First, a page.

The ritualistic dancing and sing of the chorus was the center of early Dionysian festivals until about
534 B.C.E. The Greek chorus continued to play an important role in classical Greek drama,
especially in tragedy; however, as the role of the actors in tragedy increased, the role of the chorus
diminished in importance. Ranging in number from 50 in the time of Thespis to 15 in later classical
Greek drama, t​he chorus consisted of Athenian citizens and were not professional actors.
They function, scholars have suggested variously:
● to offer a sense of rich ​spectacle​ to the drama;
● to provide time for ​scene & costume​ changes and give the principal actors a break and
announced the entrance and exit of characters;
● to offer important​ background and summary information ​that facilitates an audience's
ability to follow the live performance by recounting and interpreting history or past events;
● to ​offer commentary​ about and ​underline main themes​ animating the action, and
● to model an ideal audience.​ “Ideal spectator,”​ response to the unfolding drama. The
chorus embodied the moral ideals of society and often admonished the characters against
breaking these moral laws.
c. Evolution - ​early on there were​ ​many singers and dancers (with women), 50,
5. Greek Tragedy Concept and Terms:
a. Hamartia​ "Creon is not your downfall, no, you are your own."​ -- Tiresias, ​Oedipus Rex
The most common definition of tragic ​hamartia​ is ​"tragic flaw",​ but we
need to be careful with this term and understand what the Greeks meant
by "flaw" and how it relates to a broadly defined sense of "fate": ​Through
hamartia, the tragic hero visits his own fate upon him or herself.​ In
this way, "fate" is transformed from some metaphysical concept -- "the will
of the gods," "the divine order of the cosmos" etc. -- to one in which we
see ​our fates as tied to inherent elements of ourselves,​ of our
psyches,​ our own personal characteristics, that ordain our destinies.
To put it in a simplistic way, hamartia means "no matter where you go,
there you are"; you cannot escape your own personality; there are
elements of ourselves from which we simply cannot escape, and, for the
Greeks, these elements are "inherited" and will sometimes determine the
course of our lives.
This suggests we might see hamartia as "layered", like an onion: on the
surface, fate seems beyond one's control and "the will of the gods", but
dig deeper and we find we will our own fates through our own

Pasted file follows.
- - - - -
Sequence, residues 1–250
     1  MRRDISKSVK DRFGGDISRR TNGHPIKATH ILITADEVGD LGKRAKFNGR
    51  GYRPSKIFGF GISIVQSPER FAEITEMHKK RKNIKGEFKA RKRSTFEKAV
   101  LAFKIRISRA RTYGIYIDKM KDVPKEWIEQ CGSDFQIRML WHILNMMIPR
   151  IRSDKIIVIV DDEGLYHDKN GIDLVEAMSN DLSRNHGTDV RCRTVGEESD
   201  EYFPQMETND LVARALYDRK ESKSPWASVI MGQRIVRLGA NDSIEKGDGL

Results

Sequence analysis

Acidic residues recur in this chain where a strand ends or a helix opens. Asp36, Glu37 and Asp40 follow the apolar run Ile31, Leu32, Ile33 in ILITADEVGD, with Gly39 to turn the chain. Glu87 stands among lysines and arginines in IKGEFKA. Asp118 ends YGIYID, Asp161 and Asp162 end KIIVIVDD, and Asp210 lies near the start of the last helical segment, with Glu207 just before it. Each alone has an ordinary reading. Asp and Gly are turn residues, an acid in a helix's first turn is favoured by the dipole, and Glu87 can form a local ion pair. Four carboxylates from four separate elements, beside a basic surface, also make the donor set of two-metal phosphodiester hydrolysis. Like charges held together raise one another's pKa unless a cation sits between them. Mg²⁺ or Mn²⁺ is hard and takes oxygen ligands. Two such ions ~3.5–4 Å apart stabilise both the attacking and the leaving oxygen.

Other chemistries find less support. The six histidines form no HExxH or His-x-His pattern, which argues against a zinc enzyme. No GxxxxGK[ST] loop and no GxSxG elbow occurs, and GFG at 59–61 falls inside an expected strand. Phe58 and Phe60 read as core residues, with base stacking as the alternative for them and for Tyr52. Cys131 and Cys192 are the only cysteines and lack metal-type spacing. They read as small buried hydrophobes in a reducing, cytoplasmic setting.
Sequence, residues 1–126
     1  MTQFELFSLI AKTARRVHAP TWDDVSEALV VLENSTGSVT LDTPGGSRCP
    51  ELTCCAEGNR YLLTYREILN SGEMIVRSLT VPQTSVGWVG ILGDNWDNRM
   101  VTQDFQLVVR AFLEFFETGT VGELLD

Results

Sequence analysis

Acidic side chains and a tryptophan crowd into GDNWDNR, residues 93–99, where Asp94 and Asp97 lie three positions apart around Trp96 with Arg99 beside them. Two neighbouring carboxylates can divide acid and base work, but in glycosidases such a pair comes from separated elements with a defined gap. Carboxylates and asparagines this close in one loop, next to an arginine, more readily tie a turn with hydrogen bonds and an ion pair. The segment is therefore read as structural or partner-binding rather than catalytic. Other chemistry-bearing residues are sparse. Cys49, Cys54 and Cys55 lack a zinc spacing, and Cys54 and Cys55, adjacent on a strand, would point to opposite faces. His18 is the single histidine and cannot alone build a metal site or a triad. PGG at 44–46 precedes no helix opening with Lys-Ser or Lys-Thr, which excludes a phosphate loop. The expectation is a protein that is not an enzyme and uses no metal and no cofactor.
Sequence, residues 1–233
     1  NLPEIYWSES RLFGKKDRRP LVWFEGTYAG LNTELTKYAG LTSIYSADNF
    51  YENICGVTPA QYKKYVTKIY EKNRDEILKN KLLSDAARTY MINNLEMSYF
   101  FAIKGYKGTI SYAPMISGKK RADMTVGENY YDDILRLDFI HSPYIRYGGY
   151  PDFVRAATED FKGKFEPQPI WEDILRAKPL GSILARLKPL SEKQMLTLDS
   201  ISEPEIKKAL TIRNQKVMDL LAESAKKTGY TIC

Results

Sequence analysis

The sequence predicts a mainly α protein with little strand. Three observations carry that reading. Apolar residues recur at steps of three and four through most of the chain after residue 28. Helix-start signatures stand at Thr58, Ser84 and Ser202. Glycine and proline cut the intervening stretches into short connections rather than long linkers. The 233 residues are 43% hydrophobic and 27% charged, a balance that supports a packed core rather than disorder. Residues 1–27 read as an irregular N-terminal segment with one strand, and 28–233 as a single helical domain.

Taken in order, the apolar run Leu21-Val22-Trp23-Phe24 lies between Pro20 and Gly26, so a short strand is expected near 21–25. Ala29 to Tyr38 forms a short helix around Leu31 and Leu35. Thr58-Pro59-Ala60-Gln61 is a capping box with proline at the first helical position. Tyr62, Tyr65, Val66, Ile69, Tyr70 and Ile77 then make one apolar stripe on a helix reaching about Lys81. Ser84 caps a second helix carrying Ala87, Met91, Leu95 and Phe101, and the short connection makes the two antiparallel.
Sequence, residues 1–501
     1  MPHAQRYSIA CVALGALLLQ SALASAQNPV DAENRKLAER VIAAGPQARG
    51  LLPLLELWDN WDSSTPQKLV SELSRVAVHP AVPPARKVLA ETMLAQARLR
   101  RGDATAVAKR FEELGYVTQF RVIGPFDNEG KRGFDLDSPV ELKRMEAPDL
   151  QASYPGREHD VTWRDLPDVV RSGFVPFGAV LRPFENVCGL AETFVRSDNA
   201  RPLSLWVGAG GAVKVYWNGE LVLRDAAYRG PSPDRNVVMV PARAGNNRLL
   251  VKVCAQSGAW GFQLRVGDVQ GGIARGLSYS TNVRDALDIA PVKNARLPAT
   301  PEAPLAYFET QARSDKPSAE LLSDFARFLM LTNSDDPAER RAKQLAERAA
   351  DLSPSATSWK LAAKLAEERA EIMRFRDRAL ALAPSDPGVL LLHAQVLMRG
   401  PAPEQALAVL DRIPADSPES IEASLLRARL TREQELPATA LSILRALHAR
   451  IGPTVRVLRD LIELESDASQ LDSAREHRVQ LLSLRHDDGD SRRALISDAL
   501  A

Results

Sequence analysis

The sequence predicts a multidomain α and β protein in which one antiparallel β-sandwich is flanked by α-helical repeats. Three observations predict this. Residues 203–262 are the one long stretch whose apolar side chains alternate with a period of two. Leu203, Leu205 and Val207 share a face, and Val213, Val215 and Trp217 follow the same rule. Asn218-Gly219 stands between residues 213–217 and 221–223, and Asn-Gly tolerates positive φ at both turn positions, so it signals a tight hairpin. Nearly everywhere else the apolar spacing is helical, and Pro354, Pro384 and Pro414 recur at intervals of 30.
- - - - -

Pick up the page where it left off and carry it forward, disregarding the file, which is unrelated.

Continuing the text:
personalities and character traits, ​but dig deeper still and we find our
character traits were in turn formed largely by luck or inherited via
the choices others made:​ you did not choose your parents; you did not
choose your DNA; you did not choose what continent you were born on or
in what century you found yourself.... You did not choose your skin color
or how others perceive that color; you did not choose to be born, say, to
a parent who would be killed in war or to be born to one who inherited
tens of millions of dollars and sent you to the best private schools... In
short, fate determines your character, and your character then determines
your fate.
b. Hubris​ - ​Excessive, arrogant PRIDE,​ especially in attempting to go outside or
beyond human knowledge, action, or capacity. Often, hubris is a direct violation
of the will of the gods. At this point, you've probably guessed the close link
between hamartia and hubris, for what makes us great often leads to our own
downfall ​when it is excessive. Y
​ outhful passion is a good thing​ until it's
excessive, ​and then it can destroy Romeo and Juliet. So too Oedipus'
intelligence and obsession with justice and finding the truth -- these are good
qualities and they make him a good king, but too much of a good thing is going to
lead to some mighty bad stuff. Remember that these plays are likely, loosely
based around actual, historical figures, so in many ways, they are an artistic
representation of reality. In our culture, these same "tragedies" play out nearly
identically in the media's treatment of, say, Whitney Houston, Amy Winehouse,
Heath Ledger, Kurt Cobain, Marilyn Monroe, etc.
c. Peripeteia​ - ​The Ironic Reversal - ​Tragic irony is also expressed in the nature of
the hero's fall, as well, and how his fate is ironically reversed. Often, the hero
discovers he is exactly the opposite of what he has tried so hard to be, or moral
choices (or conflict between competing moral values or impulses) have led him
toward immoral behavior; note how these relate to hubris: how our downfall is
related to an excess of a quality that is normally beneficial.
d. Anagnorisis​ -​ i​ s a moment in a plot or story, specifically a tragedy, wherein the
main character either recognizes or identifies his/her true nature,